Chambers' reforming zeal puts clerks' jobs on line

Ask a senior barristers' clerk about the future structure of the Bar and the chances are they will draw an analogy with football.

The season, they say, is reaching its climax, and a couple of indifferent results can mean the difference between staying in the Premier League and relegation. The first casualty of a failed season, they ruefully point out, is all too often the manager.

Senior clerks are under constant pressure to produce the right results, which is only natural given they are running a business. But this season is moving at a particularly frenetic pace and there have already been an alarming number of casualties.

Michael Martin, senior clerk at Cloisters chambers, is on prolonged leave and is understood to be taking legal advice on his situation.

And there are reports circulating in the Bar of further upheavals. Two sources told The Lawyer that the entire administration team of one set are to be placed on six month contracts and told to reapply for their posts. “These stories have been flying around the Bar for about six weeks,” says one clerk at that particular set, although he strongly denies there is any truth in them.

There have been seven departures of senior clerks from prominent sets in the past five months.

The highly respected Michael Farrell, touted as a good bet to be the first provincial chair of the Institute of Barristers Clerks (IBC), was ousted from his post as senior clerk at Manchester set 18 St John Street in December.

Alan Smith, of 1 Crown Office Row, Tony Day, the old-school clerk of 12 King's Bench Walk, Robin Butchard, of the largest set in the country, St Philips' Chambers in Birmingham, and Michael Price of Lindsay Burn's Queen Elizabeth Building have also left their posts.

Most recently, Jason Pithers, senior clerk at 3/4 South Square, decided to leave the world of clerking altogether to pursue an alternative career in the US.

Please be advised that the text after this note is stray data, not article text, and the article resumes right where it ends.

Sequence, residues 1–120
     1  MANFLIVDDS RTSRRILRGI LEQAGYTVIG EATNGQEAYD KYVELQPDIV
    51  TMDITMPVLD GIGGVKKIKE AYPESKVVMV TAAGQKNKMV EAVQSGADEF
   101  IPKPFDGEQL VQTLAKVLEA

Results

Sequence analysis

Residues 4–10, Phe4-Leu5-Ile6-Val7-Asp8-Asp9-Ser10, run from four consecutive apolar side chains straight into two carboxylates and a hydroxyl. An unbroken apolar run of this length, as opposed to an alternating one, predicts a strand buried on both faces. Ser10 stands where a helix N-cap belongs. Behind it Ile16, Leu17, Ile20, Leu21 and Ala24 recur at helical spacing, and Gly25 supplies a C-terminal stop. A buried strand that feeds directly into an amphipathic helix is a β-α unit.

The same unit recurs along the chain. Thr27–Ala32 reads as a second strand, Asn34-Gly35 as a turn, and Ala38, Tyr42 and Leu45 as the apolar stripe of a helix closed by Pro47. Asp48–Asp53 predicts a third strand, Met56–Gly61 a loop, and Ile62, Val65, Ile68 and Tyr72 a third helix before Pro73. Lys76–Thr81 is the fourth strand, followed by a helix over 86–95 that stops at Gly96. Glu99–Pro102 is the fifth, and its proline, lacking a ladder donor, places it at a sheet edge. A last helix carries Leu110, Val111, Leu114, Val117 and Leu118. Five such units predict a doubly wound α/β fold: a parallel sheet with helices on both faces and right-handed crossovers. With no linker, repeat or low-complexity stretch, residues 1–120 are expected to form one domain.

Paul Shrubsall, the highly-regarded senior clerk at One Essex Court, says: “It is an indication of greater mobility at the Bar. I think chambers are more competitive in seeking out people.

“They are taking a more proactive and aggressive view, and although there is no overt headhunting as yet, it is not far away.”

Some of the departing clerks, like Pithers, have themselves taken a proactive decision to move on, but others have been forced out of their posts. Three have legal action pending or under consideration – so what has been going wrong?

Many believe the increased pressure on clerks mirrors that across the profession as a whole. There is a real fear that the Bar is going to have to cut its numbers fairly substantially to survive, and, as Shrubsall explains: “The natural instinct of the Bar is to blame someone else.” In other words, the clerks.

One senior clerk says that criminal barristers in particular “are seeing a drop in real terms in their income per annum”.

“They are mindful of the hard times to come and want to minimise their liabilities, which is a very short-sighted approach,” he says.

Shrubsall cites an example from his time as chair of the IBC. He was approached for advice by a set of general common law chambers that wanted to attract City work, but had never questioned why it was not getting any.

“It is the product that is at fault, but the clerk becomes a casualty because of their [chambers'] perception of how well they are doing,” says Shrubsall.

“A set of chambers must accept its strengths and weakness and know what its market is,” he says.